Read the full story...

Larry C. Price

Text, Motion & Design by

STAT News, Talia Bronshtein,
Linchpin Agency & Undark Magazine

PM2.5 Data by

AirVisual

Produced & Directed by

Undark Magazine &
The Pulitzer Center on Crisis Reporting

Emanating from smokestacks, vehicle engines, construction projects, and fires large and small, airborne pollution - sometimes smaller than the width of a human hair, and very often the product of human activity - is not just contributing to climate change. It is a leading driver of heart disease and stroke, lung cancer, and respiratory infections the world over. Exposure to such pollution, the most deadly of which scientists call PM2.5, is the sixth highest risk factor for death around the world, claiming more than 4 million lives annually, according to recent global morbidity data. Add in household pollutants from indoor cooking fires and other combustion sources, and the tally approaches 7 million lives lost each year.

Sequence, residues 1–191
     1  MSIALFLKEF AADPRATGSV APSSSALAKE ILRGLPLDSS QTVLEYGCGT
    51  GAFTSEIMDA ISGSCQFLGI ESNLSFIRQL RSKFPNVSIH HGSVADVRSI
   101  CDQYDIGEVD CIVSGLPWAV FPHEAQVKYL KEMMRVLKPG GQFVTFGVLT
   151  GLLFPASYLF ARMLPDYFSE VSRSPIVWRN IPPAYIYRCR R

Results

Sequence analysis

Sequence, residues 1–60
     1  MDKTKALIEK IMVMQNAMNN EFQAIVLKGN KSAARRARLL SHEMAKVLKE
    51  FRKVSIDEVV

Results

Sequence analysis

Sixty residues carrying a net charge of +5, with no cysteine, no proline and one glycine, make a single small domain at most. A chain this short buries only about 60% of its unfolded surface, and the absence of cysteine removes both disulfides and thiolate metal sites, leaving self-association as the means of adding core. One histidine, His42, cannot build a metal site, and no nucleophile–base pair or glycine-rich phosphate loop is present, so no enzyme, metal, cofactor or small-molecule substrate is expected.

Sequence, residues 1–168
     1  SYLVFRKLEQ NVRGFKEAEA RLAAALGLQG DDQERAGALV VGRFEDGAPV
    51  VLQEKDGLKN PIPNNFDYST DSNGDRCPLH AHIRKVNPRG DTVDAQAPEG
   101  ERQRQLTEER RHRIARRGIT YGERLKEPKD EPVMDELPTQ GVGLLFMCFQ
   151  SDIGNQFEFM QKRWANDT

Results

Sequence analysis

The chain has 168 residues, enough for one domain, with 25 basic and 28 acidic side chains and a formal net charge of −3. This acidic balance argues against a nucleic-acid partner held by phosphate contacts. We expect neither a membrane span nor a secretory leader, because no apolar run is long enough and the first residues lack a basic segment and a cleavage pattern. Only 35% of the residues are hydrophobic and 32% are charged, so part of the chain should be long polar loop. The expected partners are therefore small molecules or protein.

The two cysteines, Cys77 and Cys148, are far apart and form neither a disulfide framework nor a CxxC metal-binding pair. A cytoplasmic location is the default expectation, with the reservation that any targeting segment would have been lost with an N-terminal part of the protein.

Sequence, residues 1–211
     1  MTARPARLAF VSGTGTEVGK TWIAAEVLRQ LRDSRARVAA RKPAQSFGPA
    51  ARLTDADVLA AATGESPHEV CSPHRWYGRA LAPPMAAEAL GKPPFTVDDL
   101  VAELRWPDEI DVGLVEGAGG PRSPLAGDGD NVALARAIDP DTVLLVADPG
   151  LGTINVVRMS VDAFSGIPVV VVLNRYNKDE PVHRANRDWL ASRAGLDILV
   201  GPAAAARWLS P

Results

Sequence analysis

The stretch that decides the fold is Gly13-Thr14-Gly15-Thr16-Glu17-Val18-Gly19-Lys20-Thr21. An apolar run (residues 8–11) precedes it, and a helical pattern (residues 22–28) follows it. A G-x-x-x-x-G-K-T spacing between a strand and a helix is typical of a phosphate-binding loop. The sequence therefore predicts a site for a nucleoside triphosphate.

Undark and the Pulitzer Center on Crisis Reporting visited seven countries on five continents, rich and poor, north and south, to examine the impacts of this sort of air pollution on the lives of everyday people, and to uncover what's being done — or not — to address this ambient and ultimately controllable killer. As it stands, developing nations bear the brunt of the problem, but particulate pollution doesn't discriminate, and the odds are high that wherever you live, you're breathing it in, too.

×

Many national governments — though by no means all — measure various sorts of air pollution and set official standards, and they use slightly differing scales and breakpoints to determine what's healthy to breathe and what's not. In communicating that information to the public, one common approach is to create an index combining measurements for some of the most worrying pollutants, including those mentioned above. Some indexes aggregate and average these pollutants over a specific time period — say 24 hours, or a year — to produce an overall air quality "score." Others indicate a score based on the riskiest pollutant at a given time — and very often that is PM2.5. Many indexes use colors to make it easier for citizens to understand the overall quality of outside air, and to issue advisories when it is considered unsafe. In the chart below, the upper band shows a commonly used scoring system for air quality. A score below 50 is considered good — and green. Scores above 400 are downright dangerous.